BWW Review: PACK OF LIES, Menier Chocolate Factory
Hugh Whitemore's slow-burning dramedy Pack of Lies is based on the real life events that surrounded a family living in Ruislip who discover that their best friends and neighbours may not be who they think they are.
The play first hit the London stage in the 1980s with Judi Dench and her husband Michael Williams as Barbara and Bob Jackson. Now, their daughter Finty Williams is performing in the same role that saw her mother win an Olivier Award.
Set in the 1960s, the play focuses on the suburban Jackson family - Barbara (Williams), Bob (Chris Larkin) and daughter Julie (Macy Nyman), who live on the outskirts of London. A normal, if slightly dull, family, they find their lives are turned upside down when MI5 agent Stewart (Jasper Britton) informs them that a man they're interested in has been seen in the area. He asks that the Jacksons allow the Government to use their house as a lookout for a few days in case the man returns.
It soon becomes clear however that there's more to the story and Stewart eventually reveals that their Canadian neighbours, the Krogers (Tracy-Ann Oberman and Alasdair Harvey), are under investigation as part of a Soviet spy ring. With the Government taking over their house, and torn between remaining loyal to her friends and aiding the Government in their arrest, mousy housewife Barbara crumples in on herself as the stress takes its toll on her.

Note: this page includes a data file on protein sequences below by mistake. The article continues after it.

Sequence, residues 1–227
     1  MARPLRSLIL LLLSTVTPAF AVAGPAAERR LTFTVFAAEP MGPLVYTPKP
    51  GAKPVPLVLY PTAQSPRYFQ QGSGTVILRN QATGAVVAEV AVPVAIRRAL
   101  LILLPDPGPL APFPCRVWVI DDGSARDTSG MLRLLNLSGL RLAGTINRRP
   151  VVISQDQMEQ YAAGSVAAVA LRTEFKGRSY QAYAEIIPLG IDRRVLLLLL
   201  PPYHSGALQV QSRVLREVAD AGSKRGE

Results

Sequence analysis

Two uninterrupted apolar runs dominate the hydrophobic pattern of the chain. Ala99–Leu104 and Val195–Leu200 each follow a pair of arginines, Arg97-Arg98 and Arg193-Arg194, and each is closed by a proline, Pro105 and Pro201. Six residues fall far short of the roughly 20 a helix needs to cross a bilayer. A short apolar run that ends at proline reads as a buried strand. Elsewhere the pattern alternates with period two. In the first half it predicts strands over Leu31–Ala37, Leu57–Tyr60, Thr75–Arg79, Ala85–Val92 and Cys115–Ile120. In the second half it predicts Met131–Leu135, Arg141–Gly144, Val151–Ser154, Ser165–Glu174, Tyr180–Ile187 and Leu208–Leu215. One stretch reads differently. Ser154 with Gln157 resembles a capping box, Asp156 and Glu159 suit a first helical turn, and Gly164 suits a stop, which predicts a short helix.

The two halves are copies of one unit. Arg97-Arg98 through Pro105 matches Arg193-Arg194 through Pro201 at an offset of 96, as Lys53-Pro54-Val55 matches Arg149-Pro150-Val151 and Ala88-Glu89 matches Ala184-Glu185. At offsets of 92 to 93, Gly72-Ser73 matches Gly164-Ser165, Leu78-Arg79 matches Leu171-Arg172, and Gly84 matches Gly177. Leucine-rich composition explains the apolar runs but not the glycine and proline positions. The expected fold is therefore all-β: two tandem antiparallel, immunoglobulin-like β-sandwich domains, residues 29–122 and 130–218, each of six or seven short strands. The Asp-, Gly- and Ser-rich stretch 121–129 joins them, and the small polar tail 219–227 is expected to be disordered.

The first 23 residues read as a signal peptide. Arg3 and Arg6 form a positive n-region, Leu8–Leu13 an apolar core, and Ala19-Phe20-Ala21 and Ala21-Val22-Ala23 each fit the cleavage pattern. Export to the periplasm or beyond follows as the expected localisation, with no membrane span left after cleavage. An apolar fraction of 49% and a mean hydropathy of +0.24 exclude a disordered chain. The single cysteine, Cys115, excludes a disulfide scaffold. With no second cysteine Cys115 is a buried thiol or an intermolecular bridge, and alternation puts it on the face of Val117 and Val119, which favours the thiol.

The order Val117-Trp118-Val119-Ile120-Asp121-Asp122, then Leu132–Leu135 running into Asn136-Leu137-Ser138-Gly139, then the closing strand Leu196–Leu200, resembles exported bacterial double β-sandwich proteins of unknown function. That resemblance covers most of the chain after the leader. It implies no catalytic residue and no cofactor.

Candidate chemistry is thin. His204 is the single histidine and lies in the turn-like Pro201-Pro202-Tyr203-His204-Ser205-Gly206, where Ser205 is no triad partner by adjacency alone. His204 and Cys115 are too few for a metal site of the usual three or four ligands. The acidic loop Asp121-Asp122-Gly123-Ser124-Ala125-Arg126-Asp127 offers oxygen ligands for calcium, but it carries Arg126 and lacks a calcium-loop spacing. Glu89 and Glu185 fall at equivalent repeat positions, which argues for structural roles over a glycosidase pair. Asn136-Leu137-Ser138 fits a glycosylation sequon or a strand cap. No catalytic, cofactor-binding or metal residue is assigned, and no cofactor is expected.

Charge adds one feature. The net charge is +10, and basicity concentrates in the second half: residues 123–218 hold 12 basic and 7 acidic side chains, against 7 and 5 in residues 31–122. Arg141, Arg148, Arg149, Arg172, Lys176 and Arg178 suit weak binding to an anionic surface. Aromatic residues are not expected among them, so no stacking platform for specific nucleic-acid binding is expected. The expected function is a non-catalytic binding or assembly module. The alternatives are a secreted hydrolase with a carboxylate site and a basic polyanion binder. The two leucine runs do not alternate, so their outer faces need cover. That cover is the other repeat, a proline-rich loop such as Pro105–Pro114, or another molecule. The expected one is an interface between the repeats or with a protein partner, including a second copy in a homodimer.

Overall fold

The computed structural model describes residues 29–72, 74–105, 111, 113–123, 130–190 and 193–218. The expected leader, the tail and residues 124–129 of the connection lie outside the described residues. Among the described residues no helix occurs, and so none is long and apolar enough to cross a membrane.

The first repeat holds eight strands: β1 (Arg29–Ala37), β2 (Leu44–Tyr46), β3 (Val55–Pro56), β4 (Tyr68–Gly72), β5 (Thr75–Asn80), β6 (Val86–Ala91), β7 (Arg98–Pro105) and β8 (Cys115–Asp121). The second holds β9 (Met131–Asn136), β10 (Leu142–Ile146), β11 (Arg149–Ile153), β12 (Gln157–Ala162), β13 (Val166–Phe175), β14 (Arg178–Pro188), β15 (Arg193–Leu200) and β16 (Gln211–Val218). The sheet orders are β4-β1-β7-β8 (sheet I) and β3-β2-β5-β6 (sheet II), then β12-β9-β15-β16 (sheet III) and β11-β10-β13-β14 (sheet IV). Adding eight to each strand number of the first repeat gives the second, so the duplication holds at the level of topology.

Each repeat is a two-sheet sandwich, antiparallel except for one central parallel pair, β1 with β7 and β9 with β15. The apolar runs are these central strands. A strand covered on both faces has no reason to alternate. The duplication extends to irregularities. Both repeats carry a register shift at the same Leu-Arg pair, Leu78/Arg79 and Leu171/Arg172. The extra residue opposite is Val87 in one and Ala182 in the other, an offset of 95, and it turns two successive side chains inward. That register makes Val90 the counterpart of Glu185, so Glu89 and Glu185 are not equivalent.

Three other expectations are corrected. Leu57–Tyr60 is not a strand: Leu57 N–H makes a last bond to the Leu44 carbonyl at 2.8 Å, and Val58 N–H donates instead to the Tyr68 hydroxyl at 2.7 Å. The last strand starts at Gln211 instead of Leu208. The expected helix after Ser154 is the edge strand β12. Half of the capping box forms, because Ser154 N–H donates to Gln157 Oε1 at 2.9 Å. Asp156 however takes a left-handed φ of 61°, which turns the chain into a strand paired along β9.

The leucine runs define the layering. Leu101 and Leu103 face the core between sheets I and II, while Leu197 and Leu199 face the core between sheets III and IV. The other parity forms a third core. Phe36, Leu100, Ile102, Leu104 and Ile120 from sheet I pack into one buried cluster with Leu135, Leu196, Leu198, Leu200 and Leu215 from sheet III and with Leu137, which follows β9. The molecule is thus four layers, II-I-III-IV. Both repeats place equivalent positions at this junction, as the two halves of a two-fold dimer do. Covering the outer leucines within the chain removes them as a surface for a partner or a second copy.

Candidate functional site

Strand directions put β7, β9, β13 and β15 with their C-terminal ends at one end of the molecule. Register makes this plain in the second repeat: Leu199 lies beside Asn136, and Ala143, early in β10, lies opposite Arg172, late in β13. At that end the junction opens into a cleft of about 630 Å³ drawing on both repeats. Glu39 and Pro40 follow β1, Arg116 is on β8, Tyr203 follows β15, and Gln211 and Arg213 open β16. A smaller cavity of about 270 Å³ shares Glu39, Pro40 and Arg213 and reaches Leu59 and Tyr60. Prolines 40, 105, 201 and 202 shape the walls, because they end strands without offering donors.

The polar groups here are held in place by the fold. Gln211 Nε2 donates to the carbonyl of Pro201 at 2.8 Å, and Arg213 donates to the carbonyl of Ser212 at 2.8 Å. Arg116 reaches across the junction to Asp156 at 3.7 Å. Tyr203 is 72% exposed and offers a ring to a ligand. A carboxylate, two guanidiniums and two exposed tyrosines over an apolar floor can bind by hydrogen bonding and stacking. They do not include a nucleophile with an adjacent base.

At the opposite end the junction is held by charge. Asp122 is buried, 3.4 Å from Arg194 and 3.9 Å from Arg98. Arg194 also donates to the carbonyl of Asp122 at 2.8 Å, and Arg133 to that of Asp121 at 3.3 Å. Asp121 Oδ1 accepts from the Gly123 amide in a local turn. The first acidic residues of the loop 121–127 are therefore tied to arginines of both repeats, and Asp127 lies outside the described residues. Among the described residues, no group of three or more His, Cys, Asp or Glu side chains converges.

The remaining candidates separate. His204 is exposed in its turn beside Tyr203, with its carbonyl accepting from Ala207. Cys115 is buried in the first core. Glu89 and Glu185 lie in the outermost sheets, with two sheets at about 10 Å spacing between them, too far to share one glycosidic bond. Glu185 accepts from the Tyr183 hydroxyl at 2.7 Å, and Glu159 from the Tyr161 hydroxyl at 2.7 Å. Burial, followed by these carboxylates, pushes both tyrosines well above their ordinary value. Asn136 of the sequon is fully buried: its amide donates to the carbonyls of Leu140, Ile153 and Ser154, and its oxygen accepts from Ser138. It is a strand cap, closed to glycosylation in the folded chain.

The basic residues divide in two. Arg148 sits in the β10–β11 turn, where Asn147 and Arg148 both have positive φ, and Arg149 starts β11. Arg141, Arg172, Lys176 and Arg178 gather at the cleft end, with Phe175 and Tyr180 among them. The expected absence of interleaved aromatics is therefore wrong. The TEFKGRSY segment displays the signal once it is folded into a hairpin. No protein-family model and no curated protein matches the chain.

Whitemore's lengthy monologues can seem tiresome at times, particularly in the first act. But director Hannah Chissick sets a fast pace in the second act, with revelations emerging about Helen and Peter's mysterious visitors and the Government continually extending their time inside the Jackson house.
The production has an outstanding cast. Williams portrays Barbara as a demure and shy woman who is torn apart by the revelation that her best friend has betrayed them. Larkin also offers a sterling performance as the quiet and loving husband, while Tracey-Ann Oberman shines in every scene she's in as the kind but boisterous neighbour.
Paul Farnsworth's meticulous 1960s set perfectly captures the Jackson family's classic Britishness - milk is poured into a tiny china jug, flowery lampshades with fringes are dotted around the living room, and doilies are placed on the arms of the chair and sofas.
There's no doubt that Pack of Lies is a dated play, but Chissick's production is funny and has a whole lot of heart.
Pack of Lies at Menier Chocolate Factory until 17 November
Photo Credit: Nobby Clark